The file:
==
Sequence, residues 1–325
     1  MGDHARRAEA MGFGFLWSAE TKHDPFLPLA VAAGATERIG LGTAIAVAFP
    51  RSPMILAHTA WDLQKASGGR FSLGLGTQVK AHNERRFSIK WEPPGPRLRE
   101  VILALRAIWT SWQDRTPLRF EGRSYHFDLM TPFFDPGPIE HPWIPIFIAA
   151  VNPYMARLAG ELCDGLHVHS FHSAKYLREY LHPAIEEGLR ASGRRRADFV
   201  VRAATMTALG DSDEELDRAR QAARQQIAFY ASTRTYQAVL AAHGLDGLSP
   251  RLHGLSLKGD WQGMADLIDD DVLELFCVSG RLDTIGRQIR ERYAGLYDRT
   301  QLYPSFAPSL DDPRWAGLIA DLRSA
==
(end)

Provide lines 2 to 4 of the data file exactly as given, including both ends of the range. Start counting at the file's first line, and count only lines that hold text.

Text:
     1  MGDHARRAEA MGFGFLWSAE TKHDPFLPLA VAAGATERIG LGTAIAVAFP
    51  RSPMILAHTA WDLQKASGGR FSLGLGTQVK AHNERRFSIK WEPPGPRLRE
   101  VILALRAIWT SWQDRTPLRF EGRSYHFDLM TPFFDPGPIE HPWIPIFIAA